The work discussed in this letter seems to be discussed in Einstein’s final article on Unified Field Theory, “Algebraic Properties of the Field in the Relativistic Theory of the Asymmetric Field” (Weil 237), published in 1954. Unified Field Theory was Einstein’s primary interest for the last thirty years of his life; he even worked on it on his deathbed. The continuity of Einstein’s Unified Field Theory with General Relativity is evident in the equations and concerns of this very important and unpublished scientific letter.

Ernst Gabor Straus was Einstein’s assistant from 1944-1948. He co-authored, along with Einstein, the important Unified Field Theory paper “Generalization of the Relativistic Theory of Gravitation” (Weil 217), published in in 1946.

This item comes with a Certificate from John Reznikoff, a premier authenticator for both major 3rd party authentication services, PSA and JSA (James Spence Authentications), as well as numerous auction houses.


Accepted Forms of Payment:

American Express, Discover, MasterCard, Money Order / Cashiers Check, Paypal, Personal Check, Visa, Wire Transfer


We do our own in-house worldwide shipping!

Applicable shipping and handling charges will be added to the invoice. We offer several shipping options, and remain one of the few auction houses who proudly provides professional in-house shipping as an option to our clients. All items will ship with signature required, and full insurance. Most items are sent via Federal Express, with P. O. Box addresses being sent through USPS. We insure through Berkley Asset Protection with rates of $.70 per $100 of value, among the lowest insurance rates in the industry. Our shipping department cameras document every package, both outgoing and incoming, for maximum security. In addition, we compare our shipping and handling rates against those of other auction houses, to ensure that our charges are among the lowest in the trade.

Upon winning your item(s), you will receive an invoice with our in-house shipping and handling fees included. ***We will ship to the address as it appears on your invoice, unless you inform us otherwise, immediately upon your receipt of invoice***

International shipments: In order to comply with our insurance provider, all international shipments will be sent via Fed Ex and customs paperwork will show a value of $1.00. International buyers should contact our office directly with any questions regarding this policy.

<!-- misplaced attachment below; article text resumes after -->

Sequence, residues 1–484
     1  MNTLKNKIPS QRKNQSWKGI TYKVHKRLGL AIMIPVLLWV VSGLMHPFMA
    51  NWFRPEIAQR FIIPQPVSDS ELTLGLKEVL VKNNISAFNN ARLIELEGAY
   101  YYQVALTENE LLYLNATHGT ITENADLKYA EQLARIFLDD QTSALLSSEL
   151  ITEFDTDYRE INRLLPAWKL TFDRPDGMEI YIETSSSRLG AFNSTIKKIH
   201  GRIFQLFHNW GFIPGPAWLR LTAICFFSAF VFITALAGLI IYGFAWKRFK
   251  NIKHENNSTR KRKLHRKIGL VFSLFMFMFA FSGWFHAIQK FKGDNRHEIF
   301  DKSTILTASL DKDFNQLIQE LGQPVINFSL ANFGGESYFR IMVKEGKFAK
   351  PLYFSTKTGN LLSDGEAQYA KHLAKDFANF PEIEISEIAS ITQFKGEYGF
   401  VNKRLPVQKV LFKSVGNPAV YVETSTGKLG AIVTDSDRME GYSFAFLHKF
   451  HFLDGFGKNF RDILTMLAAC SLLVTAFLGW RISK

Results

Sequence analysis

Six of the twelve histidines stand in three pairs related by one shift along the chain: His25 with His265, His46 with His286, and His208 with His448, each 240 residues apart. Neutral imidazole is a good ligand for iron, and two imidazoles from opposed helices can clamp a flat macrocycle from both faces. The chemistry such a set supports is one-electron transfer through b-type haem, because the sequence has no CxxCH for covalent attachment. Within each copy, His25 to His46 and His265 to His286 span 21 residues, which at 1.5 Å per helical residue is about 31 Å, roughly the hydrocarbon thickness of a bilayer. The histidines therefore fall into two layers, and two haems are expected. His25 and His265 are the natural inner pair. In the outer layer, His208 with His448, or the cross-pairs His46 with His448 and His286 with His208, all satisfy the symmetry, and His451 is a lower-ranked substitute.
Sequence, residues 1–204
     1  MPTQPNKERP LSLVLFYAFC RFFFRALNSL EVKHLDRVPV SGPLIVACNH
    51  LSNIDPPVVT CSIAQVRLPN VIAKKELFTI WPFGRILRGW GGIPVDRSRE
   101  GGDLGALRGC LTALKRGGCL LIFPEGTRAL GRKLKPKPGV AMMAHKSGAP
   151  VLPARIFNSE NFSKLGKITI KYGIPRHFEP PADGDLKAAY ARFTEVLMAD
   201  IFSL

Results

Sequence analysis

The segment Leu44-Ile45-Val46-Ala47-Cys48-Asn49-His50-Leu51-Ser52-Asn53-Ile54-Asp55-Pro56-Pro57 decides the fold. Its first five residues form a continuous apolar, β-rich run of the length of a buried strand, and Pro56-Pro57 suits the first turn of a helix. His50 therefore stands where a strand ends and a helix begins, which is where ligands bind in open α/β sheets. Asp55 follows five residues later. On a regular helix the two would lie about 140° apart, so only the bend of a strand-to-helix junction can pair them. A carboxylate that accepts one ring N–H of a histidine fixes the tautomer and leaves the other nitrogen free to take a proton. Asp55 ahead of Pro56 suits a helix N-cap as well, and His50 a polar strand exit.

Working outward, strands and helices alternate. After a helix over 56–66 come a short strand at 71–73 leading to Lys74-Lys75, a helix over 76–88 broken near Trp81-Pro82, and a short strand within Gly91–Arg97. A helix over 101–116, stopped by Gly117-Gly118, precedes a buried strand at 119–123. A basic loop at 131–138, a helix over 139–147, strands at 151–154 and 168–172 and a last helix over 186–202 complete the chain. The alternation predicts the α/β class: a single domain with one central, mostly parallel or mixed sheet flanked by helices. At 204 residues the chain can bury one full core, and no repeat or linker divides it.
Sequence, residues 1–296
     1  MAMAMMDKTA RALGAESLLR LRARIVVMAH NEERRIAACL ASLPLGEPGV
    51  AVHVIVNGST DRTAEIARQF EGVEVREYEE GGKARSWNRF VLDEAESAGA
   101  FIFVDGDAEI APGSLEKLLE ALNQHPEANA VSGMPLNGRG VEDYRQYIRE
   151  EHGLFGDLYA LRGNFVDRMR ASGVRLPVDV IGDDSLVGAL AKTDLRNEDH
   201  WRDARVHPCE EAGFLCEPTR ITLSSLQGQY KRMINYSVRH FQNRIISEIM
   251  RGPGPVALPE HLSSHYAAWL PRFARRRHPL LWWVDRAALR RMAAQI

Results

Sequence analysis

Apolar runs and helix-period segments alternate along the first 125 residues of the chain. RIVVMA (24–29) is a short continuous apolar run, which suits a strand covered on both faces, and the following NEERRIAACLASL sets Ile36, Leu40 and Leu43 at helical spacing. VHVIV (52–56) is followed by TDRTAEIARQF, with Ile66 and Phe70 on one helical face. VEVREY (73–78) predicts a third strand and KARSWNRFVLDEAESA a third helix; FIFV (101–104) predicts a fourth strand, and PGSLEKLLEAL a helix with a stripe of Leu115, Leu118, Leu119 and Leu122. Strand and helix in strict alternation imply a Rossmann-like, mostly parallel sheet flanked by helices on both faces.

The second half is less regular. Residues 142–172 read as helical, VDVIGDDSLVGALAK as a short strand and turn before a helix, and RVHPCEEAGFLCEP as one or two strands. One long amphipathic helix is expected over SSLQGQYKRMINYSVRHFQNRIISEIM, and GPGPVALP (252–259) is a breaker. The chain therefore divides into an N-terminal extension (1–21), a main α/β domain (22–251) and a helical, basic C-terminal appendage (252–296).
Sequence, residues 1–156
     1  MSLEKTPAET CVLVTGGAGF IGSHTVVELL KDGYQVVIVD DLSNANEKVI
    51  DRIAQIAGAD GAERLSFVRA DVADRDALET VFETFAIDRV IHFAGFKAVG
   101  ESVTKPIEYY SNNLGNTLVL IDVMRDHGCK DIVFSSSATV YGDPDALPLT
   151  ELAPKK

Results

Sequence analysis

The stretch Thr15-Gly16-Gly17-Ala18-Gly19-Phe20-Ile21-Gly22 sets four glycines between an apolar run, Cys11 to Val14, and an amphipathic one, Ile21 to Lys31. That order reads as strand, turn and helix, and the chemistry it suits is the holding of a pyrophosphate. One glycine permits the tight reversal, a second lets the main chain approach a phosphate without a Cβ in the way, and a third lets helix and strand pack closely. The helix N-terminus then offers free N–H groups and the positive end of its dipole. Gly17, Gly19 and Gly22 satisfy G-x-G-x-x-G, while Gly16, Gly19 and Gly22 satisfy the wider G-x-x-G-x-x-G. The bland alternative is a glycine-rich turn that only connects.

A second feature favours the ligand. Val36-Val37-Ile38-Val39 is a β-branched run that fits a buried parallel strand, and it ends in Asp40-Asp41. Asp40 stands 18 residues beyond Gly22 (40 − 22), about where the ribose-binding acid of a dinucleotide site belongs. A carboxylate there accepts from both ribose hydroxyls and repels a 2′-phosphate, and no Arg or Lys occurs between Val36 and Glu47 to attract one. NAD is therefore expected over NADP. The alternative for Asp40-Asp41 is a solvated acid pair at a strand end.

Third Party Shipping Option: If a third party shipper is preferred, the buyer is responsible for contacting them directly to make shipping arrangements. For your convenience, we have provided some recommended shippers. For your protection, we will require a signed release from you, confirming your authorization for us to release your lots to your specified third party Please copy and paste this following link into your browser: At that point, our responsibility and insurance coverage for your item(s) ceases. Items picked up by third party shippers are required to pay Connecticut sales tax. Items requiring third party shipping due to being oversized, fragile or bulky will be denoted in the item description.

Please see our full terms and conditions for names of suggested third party shippers.

After payment has been made in full, University Archives will ship your purchase within 5 business days following receipt of full payment for item.

Please remember that the buyer is responsible for all shipping costs from University Archives' offices in Westport, CT to the buyer's door. Please see full Terms and Conditions of Sale.

September 30, 2020 10:30 AM EDT
Wilton, CT, US

University Archives

You agree to pay a buyer's premium of up to 25% and any applicable taxes and shipping.

View full terms and conditions

Bid Increments
From: To: Increments:
$0 $99 $10
$100 $299 $20
$300 $499 $25
$500 $999 $50
$1,000 $1,999 $100
$2,000 $2,999 $200
$3,000 $4,999 $250
$5,000 $9,999 $500
$10,000 $19,999 $1,000
$20,000 $49,999 $2,500
$50,000 + $5,000